'Crisis' The massive withdrawal of dry season Ganges flow by India had a serious impact on every sphere of life in the ganges dependent area of Bangladesh. This man-made hazard inflicted a crippling blow to the entire southwestern region of the country. It forced Bangladesh to incur massive losses in agriculture, fisheries, forestry, industry, navigation, water supply, etc. Direct damage caused to Bangladesh in these sectors amounted to about $3 billion. If indirect losses are taken into account, the amount would increase significantly.
Hydrology and morphology The hydrological and morphological characteristics of the Ganges and its distributaries in Bangladesh were severely impaired during the post-Farakka years. The flow reduction had caused excessive siltation, a rise in riverbeds and consequent reduction of the conveyance capacity of the river channels, resulting in aggravated floods during the monsoon. The offtake of the gorai, the main distributary of the Ganges in Bangladesh, got choked every year as early as January, making this important river high and dry throughout the dry season.
Salinity during the post-Farakka years the advancement of the saline front in Khulna became a major cause of concern. The salinity intrusion, concentration and duration in the region depended mostly upon the quantity and duration of upland flow received in the area. The Gorai-Madhumati received a very low discharge in the dry months. As a result, the salinity and tidal limits penetrated well inside the country. In 1983, the 500 micro-mhos (salinity) line reached about 13 km north of Kamarkhali and up to 300 km inland from the mouth of pasur river and 17,100 micro-mhos salinity was also observed at Khulna. A few scientists recorded 563.75 mg/l chloride concentration levels in the surface water of rupsa river in Khulna area, which indicated the effect on stream flow salinity due to reduced fresh water discharge. Moreover, reduction of fresh water supply during the dry season caused invasion of salt water into underground aquifers.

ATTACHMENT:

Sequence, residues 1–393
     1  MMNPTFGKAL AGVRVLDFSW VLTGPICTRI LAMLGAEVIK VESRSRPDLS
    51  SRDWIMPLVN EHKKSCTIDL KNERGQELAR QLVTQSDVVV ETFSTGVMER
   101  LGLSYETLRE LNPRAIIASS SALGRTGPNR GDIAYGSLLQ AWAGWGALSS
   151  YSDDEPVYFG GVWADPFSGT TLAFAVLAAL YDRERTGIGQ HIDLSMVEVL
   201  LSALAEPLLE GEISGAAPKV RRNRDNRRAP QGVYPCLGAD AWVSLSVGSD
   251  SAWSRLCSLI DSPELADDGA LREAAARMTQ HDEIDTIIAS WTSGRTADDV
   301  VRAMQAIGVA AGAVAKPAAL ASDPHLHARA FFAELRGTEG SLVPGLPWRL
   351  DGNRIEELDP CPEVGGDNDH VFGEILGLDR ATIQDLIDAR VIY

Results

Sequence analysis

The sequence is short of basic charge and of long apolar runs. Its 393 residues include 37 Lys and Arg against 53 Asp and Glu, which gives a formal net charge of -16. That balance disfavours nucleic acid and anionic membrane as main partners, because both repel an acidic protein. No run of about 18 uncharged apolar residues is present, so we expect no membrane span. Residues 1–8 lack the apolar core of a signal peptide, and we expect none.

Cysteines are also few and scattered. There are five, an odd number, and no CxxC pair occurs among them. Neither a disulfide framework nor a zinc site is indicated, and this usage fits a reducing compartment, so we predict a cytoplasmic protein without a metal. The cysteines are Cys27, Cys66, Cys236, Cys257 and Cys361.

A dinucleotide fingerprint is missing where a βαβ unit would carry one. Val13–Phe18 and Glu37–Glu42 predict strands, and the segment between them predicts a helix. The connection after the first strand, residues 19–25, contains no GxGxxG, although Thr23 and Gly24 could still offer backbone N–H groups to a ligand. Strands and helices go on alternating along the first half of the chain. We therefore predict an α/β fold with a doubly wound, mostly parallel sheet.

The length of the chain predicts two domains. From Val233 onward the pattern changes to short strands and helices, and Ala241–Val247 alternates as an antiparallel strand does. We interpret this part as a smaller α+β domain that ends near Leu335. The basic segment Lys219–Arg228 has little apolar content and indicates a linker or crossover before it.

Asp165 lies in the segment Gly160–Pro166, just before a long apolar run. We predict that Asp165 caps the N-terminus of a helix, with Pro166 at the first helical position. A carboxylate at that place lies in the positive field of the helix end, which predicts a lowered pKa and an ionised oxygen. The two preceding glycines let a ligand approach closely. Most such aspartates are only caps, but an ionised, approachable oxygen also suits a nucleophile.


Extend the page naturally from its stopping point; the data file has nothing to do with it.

Agriculture It is the worst-hit sector. The drastic fall in water level of the Ganges during the post-Farakka years seriously impaired the operation of the pumping plants of the largest irrigation scheme in the area, the ganges-kobadak irrigation project (G-K Project) with more than 121,410 ha under its direct command. The pumps of this project were forced either to remain idle or operate with drastically reduced capacity. Severe stress in soil moisture, soil salinity, and non-availability of fresh groundwater affected agricultural productivity of the entire southwestern region.
Fisheries Scarcity of water in the main Ganges and its distributaries disturbed the flow pattern, velocity turbidity, total dissolved solids (TDS) and salinity levels on which fisheries thrive. The Gangetic water system supports over 200 species of freshwater fish and 18 species of prawns in the area. Fish catches dwindled and thousands of fishermen were consequently left without jobs.
Navigation During the post-Farakka years the Ganges flow reduction affected the navigation sector as well. More than 320 km of major and medium navigable waterways were rendered inoperative during the dry season. As a result, hundreds of boatmen were thrown out of their occupation.
Groundwater There was considerable underwent depletion in groundwater, with the level falling in most places by more than 3m. The water quality was also degraded due to increased concentrations of total dissolved solids (TDS), chlorides, sulphates, etc, affecting agriculture, industry, domestic and municipal water supply, and the soil. itself over a large area. People were forced to drink water of 1,200 mg/l TDS, although the World Health Organisation's prescribed limit for drinking water is only 500 mg/l. This affected adversely the overall public health condition.
During the post-Farakka years the direction of groundwater movement changed gradually from a southerly to a northerly direction. The Ganges was gaining water from the surrounding groundwater aquifers for a longer period of the year, ie from January to July and October to December while it contributed horizontal recharge to groundwater aquifers for only two or three months. Before diversion of the Ganges water at Farakka, the surrounding groundwater aquifers would receive optimum recharge for much longer periods. [Sifatul Quader Chowdhury]
See also ganges water sharing.